Blogs

Any-deer permits increased a stunning 60%

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 Deer hunters will be happy to hear that 45,755 of them will get any-deer permits this year, a 60 percent increase over last year’s 28,770 permits. The permit numbers must still be approved by DIF&W Commissioner Chandler Woodcock and the Fish and Wildlife Advisory Council, but that is a sure thing.

Kyle Ravana, DIF&W’s deer biologist, says that “Last year’s winter was more moderate in many areas of the state, and the increase in the number of any deer permits reflect that.”

I applied for a permit last week. Applications for 2016 any-deer permit lottery are online from the Maine Department of Inland Fisheries and Wildlife. Online applications are due by 11:59 P.M. on August 15, 2016. Paper applications may be submitted in person or by mail no later than 5 P.M. on July 29, 2016. To apply online, or print a paper application to mail, visit http://www.mefishwildlife.com/.

Everything you want to know about vernal pools and estuaries – in wonderful childrens’ books

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 The Secret Pool and The Secret Bay by Kimberly Ridley are cleverly written and beautifully illustrated books, with poetic stories that appeal to younger kids, factual sidebars for older kids, and additional information that is both interesting and informative.

The Secret Pool, which won many awards, was published by Tilbury House in Thomaston in 2013. It’s all about vernal pools, those special habitats that are so important to so many critters, from spotted salamanders to wood frogs. I loved this description of wood frogs in the sidebar to the story: “Wood frogs survive the winter in an amazing way. They crawl under the leaves and freeze into frogsicles.” Yummy!

I enjoy hearing the wood frogs in the early spring. Follow their calls and you may find your own vernal pool. We have several vernal pools in my Mount Vernon neighborhood, including one big one in my woodlot, and I thought I knew a lot about them until I read this book. The book is actually an excellent guide for a walk around the forest in your neighborhood.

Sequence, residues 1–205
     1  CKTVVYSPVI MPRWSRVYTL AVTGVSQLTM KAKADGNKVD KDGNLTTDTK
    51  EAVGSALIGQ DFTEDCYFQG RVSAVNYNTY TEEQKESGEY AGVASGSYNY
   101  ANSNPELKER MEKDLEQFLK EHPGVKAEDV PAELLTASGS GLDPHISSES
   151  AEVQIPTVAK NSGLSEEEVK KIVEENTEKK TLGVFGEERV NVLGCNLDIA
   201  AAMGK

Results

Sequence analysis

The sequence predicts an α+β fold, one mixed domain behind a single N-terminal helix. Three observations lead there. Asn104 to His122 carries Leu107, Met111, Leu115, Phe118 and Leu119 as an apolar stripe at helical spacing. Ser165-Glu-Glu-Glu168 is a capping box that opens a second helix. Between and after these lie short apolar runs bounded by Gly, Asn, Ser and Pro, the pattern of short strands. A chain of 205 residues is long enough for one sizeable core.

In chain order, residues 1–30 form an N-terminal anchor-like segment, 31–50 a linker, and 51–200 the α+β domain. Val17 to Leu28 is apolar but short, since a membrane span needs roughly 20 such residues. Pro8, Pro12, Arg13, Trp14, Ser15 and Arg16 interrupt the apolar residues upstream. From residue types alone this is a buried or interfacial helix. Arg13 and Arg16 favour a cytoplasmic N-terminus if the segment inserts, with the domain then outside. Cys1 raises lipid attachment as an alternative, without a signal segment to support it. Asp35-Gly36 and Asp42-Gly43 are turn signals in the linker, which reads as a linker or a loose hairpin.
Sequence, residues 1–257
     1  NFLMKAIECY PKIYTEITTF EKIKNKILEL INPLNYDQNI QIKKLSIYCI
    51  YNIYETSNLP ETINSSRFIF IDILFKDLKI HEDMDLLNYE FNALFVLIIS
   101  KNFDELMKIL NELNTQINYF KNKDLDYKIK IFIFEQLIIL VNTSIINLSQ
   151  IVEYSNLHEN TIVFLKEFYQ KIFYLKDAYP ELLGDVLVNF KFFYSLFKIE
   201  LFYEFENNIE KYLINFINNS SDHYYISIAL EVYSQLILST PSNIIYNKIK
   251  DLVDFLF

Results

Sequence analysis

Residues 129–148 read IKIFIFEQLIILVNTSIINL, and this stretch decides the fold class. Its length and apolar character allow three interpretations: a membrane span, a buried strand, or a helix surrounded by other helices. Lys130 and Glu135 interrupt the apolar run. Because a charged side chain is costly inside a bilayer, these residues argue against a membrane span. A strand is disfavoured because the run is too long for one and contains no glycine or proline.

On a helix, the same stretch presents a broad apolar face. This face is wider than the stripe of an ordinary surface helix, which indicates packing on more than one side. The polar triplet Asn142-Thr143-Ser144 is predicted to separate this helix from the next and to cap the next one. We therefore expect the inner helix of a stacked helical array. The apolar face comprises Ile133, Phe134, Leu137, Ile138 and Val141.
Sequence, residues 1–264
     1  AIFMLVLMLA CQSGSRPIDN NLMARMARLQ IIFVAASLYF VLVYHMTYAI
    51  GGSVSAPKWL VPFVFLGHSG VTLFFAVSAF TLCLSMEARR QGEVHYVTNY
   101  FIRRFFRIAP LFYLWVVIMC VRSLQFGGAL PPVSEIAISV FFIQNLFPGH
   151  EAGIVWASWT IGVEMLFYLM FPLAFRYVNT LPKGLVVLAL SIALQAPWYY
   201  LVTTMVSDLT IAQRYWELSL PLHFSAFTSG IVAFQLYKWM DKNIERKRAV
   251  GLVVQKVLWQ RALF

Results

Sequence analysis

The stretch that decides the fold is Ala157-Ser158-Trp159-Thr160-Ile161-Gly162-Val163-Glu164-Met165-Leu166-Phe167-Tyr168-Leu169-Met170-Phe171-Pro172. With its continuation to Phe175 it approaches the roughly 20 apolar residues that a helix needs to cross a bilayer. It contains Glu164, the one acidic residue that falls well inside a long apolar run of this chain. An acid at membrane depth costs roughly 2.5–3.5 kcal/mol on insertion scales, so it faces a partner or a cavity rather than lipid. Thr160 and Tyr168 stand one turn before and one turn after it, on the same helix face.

Flyfisher’s Guide to New England by Lou Zambello

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 Lou Zambello’s new fly fishing guide is astonishing, covering 650 rivers and streams and 500 lakes and ponds throughout New England. As Lou notes in the introduction: “What is included are the best and most popular (not always the same thing) fisheries… (and) lesser known waters that we have fished.”

The best part of the book, Flyfisher’s Guide to New England, for me is that it brought back many wonderful fishing memories. Yes, I have fished in quite a few of the Maine waters featured in this book. And while Lou gave away many of my favorite waters, I am grateful he didn’t include some of my very favorite places, all of which I would put in a category of “lesser known waters.”

Any-deer permits increased a stunning 60%

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Deer hunters will be happy to hear that 45,755 of them will get any-deer permits this year, a 60 percent increase over last year’s 28,770 permits. The permit numbers must still be approved by DIF&W Commissioner Chandler Woodcock and the Fish and Wildlife Advisory Council, but that is a sure thing.

Kyle Ravana, DIF&W’s deer biologist, says that “Last year’s winter was more moderate in many areas of the state, and the increase in the number of any deer permits reflect that.”

I applied for a permit last week. Applications for 2016 any-deer permit lottery are online from the Maine Department of Inland Fisheries and Wildlife. Online applications are due by 11:59 P.M. on August 15, 2016. Paper applications may be submitted in person or by mail no later than 5 P.M. on July 29, 2016. To apply online, or print a paper application to mail, visit http://www.mefishwildlife.com/.

Great review by Paul Reynolds of my Maine Sporting Camps book

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 Maine Sporting Camps

 

By V. Paul Reynolds

 

 

Crappie messages issued on invasive fish species

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                 The mixed messages about invasive fish species could not have been more evident than these summer of 2012 headlines from Maine’s Department of Inland Fisheries and Wildlife.

                “A Popular Newcomer: Black Crappie,” trumpeted one headline in DIF&W’s weekly newsletter. “MDIFW Encouraging the Taking of Largemouth Bass,” headlined an agency press release.

                The latter effort came after the discovery of illegally introduced largemouth bass in the Grand Falls Flowage. The “popular crappie” is also an illegally introduced species now found in more than 300 Maine waters.

There’s no better vacation spot than West Quoddy

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Lubec
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 George

                My family’s history can be seen from the window of our apartment at West Quoddy Station in Lubec. Just below us, on the bay, is the house my great grandfather and grandmother, Ephraim and Ada Johnson, moved into when he retired after 32 years as the keeper at West Quoddy Head Light, which is a ten minute walk from here. I remember visiting my great grandmother at that house, before she died when I was seven years old.

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